Work/life balance at the top? Get real

Much is written about achieving a work/life balance, particularly in the context of attracting women to the upper echelons of corporate life. In the run up to the FT’s ranking of the top 50 women in world business, I have been asking some of the highest-achieving women in the world whether it is possible to “have it all”.

As an aside, the vast majority of women in the ranking have climbed the corporate ladder while bringing up a family. They may be super-achievers, but not at the expense of their desire to have children.

Sara Mathew, chief executive of Dun & Bradstreet, believes women need to do a better job of mentoring younger women coming up behind them, and that means confronting some bald truths.

She says:

“I’m asked how I balance my life and I go, ‘Are you kidding me?’ It’s a touchy subject so we don’t talk about the really reallys.”

It is not just women who have to make tough choices if they want to succeed, says Nancy McKinstry, chief executive of Dutch publisher Wolters Kluwer:

“I think … to get to the top of any organisation requires a tremendous amount of sacrifice – for men and women.”

Imperial Tobacco’s Alison Cooper argues that having something other than work in your life has benefits.

She tells me:

“I think it is important to try [to switch off] from a personal energy perspective and for what you do in the business. With two daughters you tend to get a bit diverted onto other things anyway.”

For Maggie Wilderotter, chief executive of Frontier Communications, it’s about separating work and non-work.

She explains:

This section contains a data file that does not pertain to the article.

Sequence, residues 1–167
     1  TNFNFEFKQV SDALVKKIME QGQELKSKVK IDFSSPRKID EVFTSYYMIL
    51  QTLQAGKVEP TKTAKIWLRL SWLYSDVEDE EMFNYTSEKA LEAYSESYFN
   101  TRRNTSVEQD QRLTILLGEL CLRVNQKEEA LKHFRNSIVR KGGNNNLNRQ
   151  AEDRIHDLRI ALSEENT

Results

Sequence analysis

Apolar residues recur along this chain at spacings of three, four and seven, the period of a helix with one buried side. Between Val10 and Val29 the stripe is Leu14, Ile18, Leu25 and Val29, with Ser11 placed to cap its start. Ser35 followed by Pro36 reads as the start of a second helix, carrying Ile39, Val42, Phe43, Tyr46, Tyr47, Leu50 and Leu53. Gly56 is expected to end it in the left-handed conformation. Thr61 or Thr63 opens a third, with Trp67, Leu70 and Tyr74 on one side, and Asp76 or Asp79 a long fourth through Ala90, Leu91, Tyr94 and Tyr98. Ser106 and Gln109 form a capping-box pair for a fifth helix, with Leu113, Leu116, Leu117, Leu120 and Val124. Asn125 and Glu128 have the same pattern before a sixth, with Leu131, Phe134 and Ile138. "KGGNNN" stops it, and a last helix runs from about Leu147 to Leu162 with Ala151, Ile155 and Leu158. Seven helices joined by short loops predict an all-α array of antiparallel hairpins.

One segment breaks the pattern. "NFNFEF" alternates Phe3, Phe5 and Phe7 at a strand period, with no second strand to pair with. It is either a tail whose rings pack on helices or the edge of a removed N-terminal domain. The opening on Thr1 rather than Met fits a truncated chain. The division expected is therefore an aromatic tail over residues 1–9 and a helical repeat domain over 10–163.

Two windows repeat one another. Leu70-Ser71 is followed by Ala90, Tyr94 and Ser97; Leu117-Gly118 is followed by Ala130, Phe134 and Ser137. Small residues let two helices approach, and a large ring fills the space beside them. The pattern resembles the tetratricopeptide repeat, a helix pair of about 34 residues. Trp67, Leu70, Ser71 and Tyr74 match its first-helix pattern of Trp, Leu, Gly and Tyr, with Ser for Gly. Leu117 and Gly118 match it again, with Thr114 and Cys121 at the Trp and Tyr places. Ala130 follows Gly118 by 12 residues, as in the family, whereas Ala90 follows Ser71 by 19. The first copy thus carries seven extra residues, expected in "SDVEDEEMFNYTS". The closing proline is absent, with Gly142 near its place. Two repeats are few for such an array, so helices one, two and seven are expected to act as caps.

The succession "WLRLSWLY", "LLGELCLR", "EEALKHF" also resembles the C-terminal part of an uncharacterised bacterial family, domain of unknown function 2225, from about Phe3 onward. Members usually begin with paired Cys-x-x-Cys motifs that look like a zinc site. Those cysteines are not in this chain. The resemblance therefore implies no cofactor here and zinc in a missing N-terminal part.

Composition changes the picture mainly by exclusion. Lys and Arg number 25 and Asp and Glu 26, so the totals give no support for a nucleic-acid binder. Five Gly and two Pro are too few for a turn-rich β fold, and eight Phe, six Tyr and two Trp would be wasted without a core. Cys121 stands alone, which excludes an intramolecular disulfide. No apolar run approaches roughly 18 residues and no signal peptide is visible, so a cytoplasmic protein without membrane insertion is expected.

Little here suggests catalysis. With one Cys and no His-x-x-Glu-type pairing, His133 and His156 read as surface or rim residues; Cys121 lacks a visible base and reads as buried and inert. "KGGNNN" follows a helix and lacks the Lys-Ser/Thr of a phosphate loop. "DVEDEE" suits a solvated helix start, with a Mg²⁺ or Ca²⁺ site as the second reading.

“As a chief executive of a large public company you never really switch off. But I do compartmentalise. I work every day even when I’m on vacation, but if I work two hours, I’ve got 22 hours when I’m not working and if I’m on personal time I’m not worrying about emails. I’m good at being in the moment.”

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The 'Women at the Top' blog is part of a series of online and print publications that focuses on women's achievements in business. With up-to-date news and incisive analysis, the blog will provoke discussion on the role of the world's most prominent businesswomen.

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About our bloggers

Liz Bolshaw

Liz Bolshaw is a business journalist and editor. She has been a successful book publisher, online editor, magazine editor and publisher.

She was launch editor of the Europe-wide online community Entrepreneur Country, has published magazines for PwC, 3i, dunhill and Bafta, and launched The Sharp Edge, a magazine for and about entrepreneurs, with Duncan Bannatyne. She is a regular contributor to Thomson Reuters’ Venture Capital Journal.

Her last project for the Financial Times was as editor of the paper’s Business Education magazine.

Rebecca Knight

Rebecca Knight is a freelance journalist based in Boston. She writes regularly for the FT on business education, entrepreneurship, and management.

Andrew Hill

Andrew Hill is an associate editor and the management editor of the FT. He was City editor of the FT and editor of the daily Lombard column on British business and finance from September 2006 to December 2010.

He was the FT’s financial editor from June 2005 to September 2006, with overall responsibility for coverage of companies and markets. Before becoming financial editor, he was the FT’s comment & analysis editor, in charge of the paper’s opinion and features pages.

From 1999 to 2003, he was the FT’s New York bureau chief. He joined the FT in 1988 and has also worked as foreign news editor, UK companies reporter and correspondent in Brussels and Milan.

Pino Bethencourt

Pino Bethencourt is a professor and leadership expert at IE Business School in Madrid. She is also an author and executive coach.

Lynda Gratton

Lynda Gratton is professor of management practice at London Business School.

Linda Tarr-Whelan

Linda Tarr-Whelan, former ambassador to the UN commission on the status of women, is a Demos distinguished senior fellow.